Both Baker and Butzel indicated that they gave their clients, nonprofit organizations with limited resources, substantial discounts, but are seeking recovery under the statute, which ensures that awards are based on "prevailing rates."

In both cases, they note that substantial legal work was required to reopen the case, go through multiple hearings before Friedman, and then appeals--much of which would not have been required had the case been resolved appropriately in the first place.

Thus Baker's firm, as well as other attorneys contributing to the DDDB effort, seeks $165,288.40. Butzel seeks $144,712.60. In both cases, those sums are well more than double the actual bills.

Neither set of community organizations has much of a budget these days, so the award of fees may be key to getting the attorneys paid.

The ESDC argues that "petitioners have not provided an adequate basis for their application to obtain payment of attorney fees at billable rates far exceeding those charged to them."

Three issues in dispute

The ESDC offers three reasons why the court shouldn't award attorneys fees. First, it argued, ESDC is technically a public benefit corporation--not a state agency--and thus "a legally distinct entity."

The petitioners respond that such an interpretation would thus shield entities like the ESDC from liability.

Secondly, ESDC argues that the petitioners were not actually “prevailing parties” within the meaning of the law, given that they lost other parts of the lawsuit, such as an effort to annul the 2009 Modified General Project Plan.

The petitioners respond that the ESDC's vigorous effort to appeal the order to do an SEIS indicates the significance of the victory.

Finally, ESDC says the fee request "should be denied because ESDC’s position that an SEIS was not required to study a delay in Phase II of the Project – although rejected by the courts – was 'substantially justified' within the meaning of EAJA."

The petitioners respond that even Friedman's initial upholding of the timetable called ESDC's reasoning only "minimally" supported by the intent to require the developer to use "commercially reasonable efforts" to complete the project in ten years and that the judge decried a "deplorable lack of transparency."

In a passage that may well be at issue in the argument today, the ESDC argues that Friedman's ultimate decision nonetheless pushed the envelope:
The Court in its Final Decision cited excerpts from the CEQR [City Environmental Quality Review] Technical Manual that refer to duration [of a project] as a factor to be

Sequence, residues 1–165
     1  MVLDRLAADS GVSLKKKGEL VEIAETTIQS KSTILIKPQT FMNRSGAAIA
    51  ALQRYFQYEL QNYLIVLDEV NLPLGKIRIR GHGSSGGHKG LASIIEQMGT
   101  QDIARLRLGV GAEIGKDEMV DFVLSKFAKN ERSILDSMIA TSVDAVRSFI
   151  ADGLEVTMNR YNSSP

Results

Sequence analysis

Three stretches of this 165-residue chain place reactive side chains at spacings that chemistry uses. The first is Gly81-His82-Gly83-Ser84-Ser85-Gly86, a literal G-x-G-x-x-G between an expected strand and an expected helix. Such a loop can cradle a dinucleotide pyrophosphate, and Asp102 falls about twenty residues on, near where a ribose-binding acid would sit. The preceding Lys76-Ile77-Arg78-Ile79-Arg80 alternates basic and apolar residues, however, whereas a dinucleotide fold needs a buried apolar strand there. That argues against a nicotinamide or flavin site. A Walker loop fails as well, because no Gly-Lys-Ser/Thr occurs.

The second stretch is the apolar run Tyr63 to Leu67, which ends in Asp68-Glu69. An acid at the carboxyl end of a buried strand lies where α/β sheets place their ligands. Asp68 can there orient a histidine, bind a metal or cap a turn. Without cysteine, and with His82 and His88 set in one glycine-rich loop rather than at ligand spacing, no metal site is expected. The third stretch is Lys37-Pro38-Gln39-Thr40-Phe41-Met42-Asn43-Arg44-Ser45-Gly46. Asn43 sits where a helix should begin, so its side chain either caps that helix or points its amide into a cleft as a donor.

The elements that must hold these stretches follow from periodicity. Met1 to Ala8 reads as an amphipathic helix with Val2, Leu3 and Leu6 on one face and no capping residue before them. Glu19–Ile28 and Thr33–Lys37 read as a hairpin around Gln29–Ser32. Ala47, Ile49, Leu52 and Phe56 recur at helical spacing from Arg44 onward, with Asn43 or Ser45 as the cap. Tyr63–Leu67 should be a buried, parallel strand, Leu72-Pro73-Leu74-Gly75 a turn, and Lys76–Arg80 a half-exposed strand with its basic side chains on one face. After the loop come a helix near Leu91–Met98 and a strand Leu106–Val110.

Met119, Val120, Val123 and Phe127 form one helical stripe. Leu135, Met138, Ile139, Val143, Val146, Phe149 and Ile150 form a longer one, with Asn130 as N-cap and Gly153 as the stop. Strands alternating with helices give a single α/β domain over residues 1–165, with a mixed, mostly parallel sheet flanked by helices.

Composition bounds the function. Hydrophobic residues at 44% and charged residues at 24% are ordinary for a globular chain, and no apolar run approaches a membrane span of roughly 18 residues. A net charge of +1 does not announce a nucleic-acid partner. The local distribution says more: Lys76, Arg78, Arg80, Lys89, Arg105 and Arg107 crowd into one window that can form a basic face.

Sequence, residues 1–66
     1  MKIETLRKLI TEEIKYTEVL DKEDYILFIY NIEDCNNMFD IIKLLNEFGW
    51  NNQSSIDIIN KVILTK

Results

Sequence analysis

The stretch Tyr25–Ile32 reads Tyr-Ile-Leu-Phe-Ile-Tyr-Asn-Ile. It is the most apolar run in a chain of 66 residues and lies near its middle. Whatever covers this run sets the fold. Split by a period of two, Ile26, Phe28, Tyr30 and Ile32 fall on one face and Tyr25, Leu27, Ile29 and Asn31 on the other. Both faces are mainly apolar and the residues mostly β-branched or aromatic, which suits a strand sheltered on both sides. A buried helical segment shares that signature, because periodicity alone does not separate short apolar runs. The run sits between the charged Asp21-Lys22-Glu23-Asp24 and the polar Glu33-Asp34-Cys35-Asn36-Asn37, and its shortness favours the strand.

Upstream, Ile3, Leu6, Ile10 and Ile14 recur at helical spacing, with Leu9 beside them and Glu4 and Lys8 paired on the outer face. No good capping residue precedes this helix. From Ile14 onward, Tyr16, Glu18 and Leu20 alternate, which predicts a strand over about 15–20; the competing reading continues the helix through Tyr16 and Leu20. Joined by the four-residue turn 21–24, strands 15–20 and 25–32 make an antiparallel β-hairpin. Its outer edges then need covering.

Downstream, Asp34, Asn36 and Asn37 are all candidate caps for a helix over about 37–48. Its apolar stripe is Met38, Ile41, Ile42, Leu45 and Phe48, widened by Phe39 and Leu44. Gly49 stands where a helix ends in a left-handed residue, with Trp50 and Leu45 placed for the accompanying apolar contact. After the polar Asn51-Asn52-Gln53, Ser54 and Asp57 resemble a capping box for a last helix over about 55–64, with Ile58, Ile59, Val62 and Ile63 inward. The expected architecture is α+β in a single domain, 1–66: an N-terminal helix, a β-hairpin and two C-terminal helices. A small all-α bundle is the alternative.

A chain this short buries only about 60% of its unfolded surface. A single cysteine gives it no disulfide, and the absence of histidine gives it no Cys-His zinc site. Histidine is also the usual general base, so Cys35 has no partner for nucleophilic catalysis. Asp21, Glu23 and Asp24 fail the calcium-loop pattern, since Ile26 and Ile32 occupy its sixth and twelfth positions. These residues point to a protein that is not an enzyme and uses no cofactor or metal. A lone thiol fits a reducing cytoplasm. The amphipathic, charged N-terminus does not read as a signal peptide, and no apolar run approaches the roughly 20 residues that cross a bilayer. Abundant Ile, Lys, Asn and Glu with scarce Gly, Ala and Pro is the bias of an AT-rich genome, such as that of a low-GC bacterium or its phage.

considered in the analysis of environmental impacts (Final Decision at 11-12), but these excerpts provide no direction with respect to methodologies to be employed to assess the impacts of a delay in construction. It is fair to say that ESDC will therefore be breaking new ground when it prepares the SEIS ordered by the Court.
At the heart of the appellate court argument in February of this year was whether an intense buildout of the 17-building project within a decade would be worse than an extended, if less intense, buildout over 25 years. That was the position of the ESDC; the petitioners argued that there were unique impacts caused by extended construction, and the courts agreed.


Popular posts from this blog

Forest City acknowledges unspecified delays in Pacific Park, cites $300 million "impairment" in project value; what about affordable housing pledge?

Updated Monday Nov. 7 am: Note follow-up coverage of stock price drop and investor conference call and pending questions.

Pacific Park Brooklyn is seriously delayed, Forest City Realty Trust said yesterday in a news release, which further acknowledged that the project has caused a $300 million impairment, or write-down of the asset, as the expected revenues no longer exceed the carrying cost.

The Cleveland-based developer, parent of Brooklyn-based Forest City Ratner, which is a 30% investor in Pacific Park along with 70% partner/overseer Greenland USA, blamed the "significant impairment" on an oversupply of market-rate apartments, the uncertain fate of the 421-a tax break, and a continued increase in construction costs.

While the delay essentially confirms the obvious, given that two major buildings have not launched despite plans to do so, it raises significant questions about the future of the project, including:
if market-rate construction is delayed, will the affordable h…

Revising official figures, new report reveals Nets averaged just 11,622 home fans last season, Islanders drew 11,200 (and have option to leave in 2018)

The Brooklyn Nets drew an average of only 11,622 fans per home game in their most recent (and lousy) season, more than 23% below the announced official attendance figure, and little more than 65% of the Barclays Center's capacity.

The New York Islanders also drew some 19.4% below announced attendance, or 11,200 fans per home game.